using namespace std;
class Employee_data {
public:
// declaring the instance variables (used inside the class)
string name;
string department;
int salary;
public:
int salary_update()
{
salary = salary+ ((salary*10)/100);
return salary;
};
};
// Main function
int main()
{
// Creating the object of class 'Employee_data'
Employee_data ed;
// Initialising the instance variables using the class object
ed.name = "Rahul";
ed.department = "IT";
ed.salary = 40000;
// displaying the employee data on the console
cout << "Below given is the Employee data: " << endl;
cout << "Employee name : "<< ed.name<< endl;
cout << "Employee department : "<<  ed.department << endl;
cout << "Employee salary after raise : "<< ed.salary_update() << endl;
}

Instance Variable

Instance variables are those variables that are declared within the elegance however outside the method or constructor. So they're accessed using the magnificence item. In C++, the initialization of example variables isn't obligatory. The existence of the example variable is until the item of the elegance is alive. Once the magnificence item is destroyed, it may be additionally destroyed. They're additionally known as nonstatic variables.

Example:

#include <iostream>
using namespace std;
class Employee_data {
public:
// declaring the instance variables (used inside the class)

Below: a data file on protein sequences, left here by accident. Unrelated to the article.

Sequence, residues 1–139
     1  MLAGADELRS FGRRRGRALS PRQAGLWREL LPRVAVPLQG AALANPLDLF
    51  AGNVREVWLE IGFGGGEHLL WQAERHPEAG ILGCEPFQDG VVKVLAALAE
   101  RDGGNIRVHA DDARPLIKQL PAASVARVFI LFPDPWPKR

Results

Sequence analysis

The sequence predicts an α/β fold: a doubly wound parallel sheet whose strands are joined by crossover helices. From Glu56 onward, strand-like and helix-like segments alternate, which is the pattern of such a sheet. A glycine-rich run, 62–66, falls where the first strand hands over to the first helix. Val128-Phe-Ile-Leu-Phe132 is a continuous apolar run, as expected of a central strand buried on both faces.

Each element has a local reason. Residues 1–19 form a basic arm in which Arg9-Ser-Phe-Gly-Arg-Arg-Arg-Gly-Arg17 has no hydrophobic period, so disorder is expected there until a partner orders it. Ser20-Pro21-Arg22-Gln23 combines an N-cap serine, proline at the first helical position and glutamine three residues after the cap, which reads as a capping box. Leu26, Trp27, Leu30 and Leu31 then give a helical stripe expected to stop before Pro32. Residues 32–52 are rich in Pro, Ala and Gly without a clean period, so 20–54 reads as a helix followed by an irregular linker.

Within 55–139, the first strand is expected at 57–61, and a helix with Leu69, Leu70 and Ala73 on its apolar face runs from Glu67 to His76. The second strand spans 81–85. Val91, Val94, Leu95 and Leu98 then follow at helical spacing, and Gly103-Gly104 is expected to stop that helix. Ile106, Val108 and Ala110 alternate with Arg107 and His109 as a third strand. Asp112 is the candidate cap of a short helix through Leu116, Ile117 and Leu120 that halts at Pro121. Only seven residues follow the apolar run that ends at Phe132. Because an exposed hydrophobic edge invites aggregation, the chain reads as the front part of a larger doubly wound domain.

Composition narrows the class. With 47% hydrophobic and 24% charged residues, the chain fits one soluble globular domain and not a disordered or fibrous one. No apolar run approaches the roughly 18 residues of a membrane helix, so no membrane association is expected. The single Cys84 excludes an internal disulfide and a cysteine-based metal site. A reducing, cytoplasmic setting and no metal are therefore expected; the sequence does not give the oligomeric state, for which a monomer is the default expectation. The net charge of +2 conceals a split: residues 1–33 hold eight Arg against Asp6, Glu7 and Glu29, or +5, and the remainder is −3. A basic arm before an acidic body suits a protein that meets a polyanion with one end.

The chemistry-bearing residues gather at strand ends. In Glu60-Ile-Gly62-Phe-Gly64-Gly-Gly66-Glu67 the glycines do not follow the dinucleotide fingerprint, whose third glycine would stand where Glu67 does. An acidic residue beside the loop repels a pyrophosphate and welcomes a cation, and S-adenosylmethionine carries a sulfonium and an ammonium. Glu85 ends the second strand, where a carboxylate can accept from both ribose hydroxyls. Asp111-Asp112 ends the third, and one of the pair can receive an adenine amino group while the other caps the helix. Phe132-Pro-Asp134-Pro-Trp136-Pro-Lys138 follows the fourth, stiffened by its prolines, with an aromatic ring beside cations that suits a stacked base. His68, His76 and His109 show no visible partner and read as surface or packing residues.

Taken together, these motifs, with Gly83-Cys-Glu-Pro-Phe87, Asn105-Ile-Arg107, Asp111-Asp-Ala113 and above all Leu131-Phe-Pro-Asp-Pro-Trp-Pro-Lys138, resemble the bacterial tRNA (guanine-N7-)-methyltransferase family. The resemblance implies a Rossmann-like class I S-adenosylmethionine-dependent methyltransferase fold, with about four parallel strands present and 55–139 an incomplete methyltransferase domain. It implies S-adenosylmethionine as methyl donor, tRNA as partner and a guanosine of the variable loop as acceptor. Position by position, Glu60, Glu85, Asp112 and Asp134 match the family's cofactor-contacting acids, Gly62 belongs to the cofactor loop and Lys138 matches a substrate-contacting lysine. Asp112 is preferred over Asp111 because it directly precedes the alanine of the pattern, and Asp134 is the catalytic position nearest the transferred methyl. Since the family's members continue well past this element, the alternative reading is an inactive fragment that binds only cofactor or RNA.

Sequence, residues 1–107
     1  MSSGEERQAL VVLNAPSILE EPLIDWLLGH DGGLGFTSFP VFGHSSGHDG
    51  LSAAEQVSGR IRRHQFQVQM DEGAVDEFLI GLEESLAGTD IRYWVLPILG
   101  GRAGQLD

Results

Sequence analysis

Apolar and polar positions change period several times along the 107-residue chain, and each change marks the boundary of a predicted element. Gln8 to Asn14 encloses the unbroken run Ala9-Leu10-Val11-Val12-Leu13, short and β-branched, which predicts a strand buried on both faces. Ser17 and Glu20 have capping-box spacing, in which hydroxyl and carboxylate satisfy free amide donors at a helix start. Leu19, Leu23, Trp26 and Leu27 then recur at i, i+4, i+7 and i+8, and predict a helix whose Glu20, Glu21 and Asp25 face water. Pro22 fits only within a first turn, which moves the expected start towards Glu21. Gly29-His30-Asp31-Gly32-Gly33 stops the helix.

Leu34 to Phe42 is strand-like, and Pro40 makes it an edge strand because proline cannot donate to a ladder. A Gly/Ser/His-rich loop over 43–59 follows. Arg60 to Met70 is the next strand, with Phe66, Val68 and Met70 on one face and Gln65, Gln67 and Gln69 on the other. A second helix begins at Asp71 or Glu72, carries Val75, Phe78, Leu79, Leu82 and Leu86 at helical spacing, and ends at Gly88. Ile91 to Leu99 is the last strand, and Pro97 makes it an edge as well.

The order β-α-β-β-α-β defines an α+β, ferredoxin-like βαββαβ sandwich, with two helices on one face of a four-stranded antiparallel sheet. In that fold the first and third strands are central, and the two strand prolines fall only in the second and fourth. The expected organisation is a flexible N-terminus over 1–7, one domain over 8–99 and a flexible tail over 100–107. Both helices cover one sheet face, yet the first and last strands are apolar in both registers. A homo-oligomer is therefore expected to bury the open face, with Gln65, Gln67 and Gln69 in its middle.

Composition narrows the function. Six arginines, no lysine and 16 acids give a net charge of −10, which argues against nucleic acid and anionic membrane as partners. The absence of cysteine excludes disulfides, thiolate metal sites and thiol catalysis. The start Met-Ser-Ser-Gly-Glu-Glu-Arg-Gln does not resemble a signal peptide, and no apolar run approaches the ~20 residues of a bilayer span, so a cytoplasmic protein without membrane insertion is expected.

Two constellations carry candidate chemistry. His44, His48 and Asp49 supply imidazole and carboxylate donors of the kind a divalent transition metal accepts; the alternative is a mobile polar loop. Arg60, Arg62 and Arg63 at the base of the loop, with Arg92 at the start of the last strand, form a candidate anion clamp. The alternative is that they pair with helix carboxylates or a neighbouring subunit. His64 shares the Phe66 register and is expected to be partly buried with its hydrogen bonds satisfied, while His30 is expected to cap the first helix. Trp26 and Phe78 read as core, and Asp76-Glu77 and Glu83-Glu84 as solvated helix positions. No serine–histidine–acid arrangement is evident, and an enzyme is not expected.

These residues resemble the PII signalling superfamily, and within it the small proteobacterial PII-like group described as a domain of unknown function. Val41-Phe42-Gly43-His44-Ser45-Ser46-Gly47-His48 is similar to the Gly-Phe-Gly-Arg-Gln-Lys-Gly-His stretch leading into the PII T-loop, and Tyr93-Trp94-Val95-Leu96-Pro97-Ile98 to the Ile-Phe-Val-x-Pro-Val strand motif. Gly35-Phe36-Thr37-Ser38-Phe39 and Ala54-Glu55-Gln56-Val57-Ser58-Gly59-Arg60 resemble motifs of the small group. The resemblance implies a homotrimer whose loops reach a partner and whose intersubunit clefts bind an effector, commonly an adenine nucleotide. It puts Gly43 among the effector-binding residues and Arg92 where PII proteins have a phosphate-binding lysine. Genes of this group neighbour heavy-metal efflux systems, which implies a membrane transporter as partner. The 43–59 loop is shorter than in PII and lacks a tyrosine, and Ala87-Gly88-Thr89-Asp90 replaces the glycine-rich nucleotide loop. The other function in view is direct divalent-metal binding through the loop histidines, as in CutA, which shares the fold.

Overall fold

string name;
string department;
// declaring the static variable 'salary'
static int salary;
public:
Employee_data()
{
salary = salary+ ((salary*10)/100);
};
};
//Initialising the static variable ‘salary’
int Employee_data::salary = 40000;
// Main function
int main()
{
// Creating the object of class 'Employee_data'
Employee_data ed;
// Initialising the instance variables using the class object
ed.name = "Rahul";
ed.department = "IT";
// displaying the employee data on the console
cout << "Below given is the Employee data: " << endl;
cout << "Employee name : "<< ed.name<< endl;
cout << "Employee department : "<<  ed.department << endl;
cout << "Employee salary after raise : "<< Employee_data:: salary << endl;
}

Rules and Regulations

Basic rules that need to be followed while declaring a variable in a C++ program are given below:

  • Variable names in the C++ program are case-sensitive. So one needs to be very specific while declaring a variable. For example, int x and int X are 2 different variables of type ‘int’.
  • While declaring a variable, variable names can consist of all uppercase letters ‘A-Z’, lowercase letters ‘a-z’, numbers 0-9.
  • C++ Keywords are not allowed in the variable name while declaring a variable.
  • Blank spaces are not allowed in the variable name while declaring it.
  • Variable names in the declaration can start either with the alphabet or an underscore ( _ ).
  • Though one can give any big name to a variable in its declaration, only the first 31 characters are counted, else are ignored by the compiler.
  • Programmers can use the ‘extern’ keyword to declare variables in C++ anywhere.
  • Variables in C++ can be declared multiple times by the programmer, but they are defined only inside the function or a block.

C
C++
Variable declaration
1 VIEWS 0 LIKES 0 DISLIKES SHARE
0 LIKES 0 DISLIKES 1 VIEWS SHARE
Was this blog helpful?
techiio-price-plantechiio-price-plantechiio-price-plantechiio-price-plantechiio-price-plan
You must be Logged in to comment
Code Block
Techiio-logo

Techiio is on the journey to build an ocean of technical knowledge, scouring the emerging stars in process and proffering them to the corporate world.

Follow us on:

Subscribe to get latest updates

You can unsubscribe anytime from getting updates from us
Developed and maintained by Wikiance
Developed and maintained by Wikiance